Economists are Prone to Fads, and the Latest is Machine Learning (via The Economist)

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We started this blog (7 years ago) because we thought that there was insufficient attention to computational methods in law (NLP, ML, NetSci, etc.)  Over the years this blog has evolved to become mostly a blog about the business of law (and business more generally) and the world is being impacted by automation, artificial intelligence and more broadly by information technology. 

However, returning to our roots here — it is pretty interesting to see that the Economist has identified that #MachineLearning is finally coming to economics (pol sci + law as well).  

Social science generally (and law as a late follower of developments in social science) it is still obsessed with causal inference (i.e. diff in diff, regression discontinuity, etc.).  This is perfectly reasonable as it pertains to questions of evaluating certain aspects of public policy, etc.

However, there are many other problems in the universe that can be evaluated using tools from computer science, machine learning, etc. (and for which the tools of causal inference are not particularly useful).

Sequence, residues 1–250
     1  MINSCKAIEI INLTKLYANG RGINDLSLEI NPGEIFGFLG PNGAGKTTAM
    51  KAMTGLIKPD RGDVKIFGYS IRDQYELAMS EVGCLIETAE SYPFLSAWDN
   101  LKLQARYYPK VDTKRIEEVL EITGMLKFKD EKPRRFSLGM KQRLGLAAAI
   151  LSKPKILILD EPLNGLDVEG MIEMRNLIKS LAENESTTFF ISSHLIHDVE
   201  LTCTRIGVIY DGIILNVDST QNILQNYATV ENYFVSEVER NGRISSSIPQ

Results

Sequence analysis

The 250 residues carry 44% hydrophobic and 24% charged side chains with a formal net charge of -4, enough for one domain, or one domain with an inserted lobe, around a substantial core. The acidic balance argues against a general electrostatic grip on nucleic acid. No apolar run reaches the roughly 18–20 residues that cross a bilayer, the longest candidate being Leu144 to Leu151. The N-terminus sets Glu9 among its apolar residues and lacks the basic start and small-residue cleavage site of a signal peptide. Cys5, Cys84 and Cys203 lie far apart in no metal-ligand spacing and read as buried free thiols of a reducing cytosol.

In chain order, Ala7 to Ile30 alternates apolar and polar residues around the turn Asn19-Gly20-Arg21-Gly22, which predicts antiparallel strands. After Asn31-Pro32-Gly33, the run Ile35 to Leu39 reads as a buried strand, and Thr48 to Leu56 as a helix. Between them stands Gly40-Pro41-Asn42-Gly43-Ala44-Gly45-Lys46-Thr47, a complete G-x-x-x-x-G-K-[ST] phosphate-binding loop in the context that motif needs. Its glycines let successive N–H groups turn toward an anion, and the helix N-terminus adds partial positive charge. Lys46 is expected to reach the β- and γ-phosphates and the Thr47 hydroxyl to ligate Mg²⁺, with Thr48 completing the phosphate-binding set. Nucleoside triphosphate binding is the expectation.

In terms of the set of econ papers using ML, my bet is that a significant fraction of those papers are actually from finance (where people are more interested in actually predicting stuff).   

In my 2013 article in Emory Law Journal called Quantitative Legal Prediction – I outline this distinction between causal inference and prediction and identify just a small set of the potential uses of predictive analytics in law.  In some ways, my paper is already somewhat dated as the set of use cases has only grown.  That said, the core points outlined therein remains fully intact …  

Quantitative Legal Prediction – Updated Presentation Slides from Talk at Santa Clara Law School – March 2013 (By Daniel Martin Katz)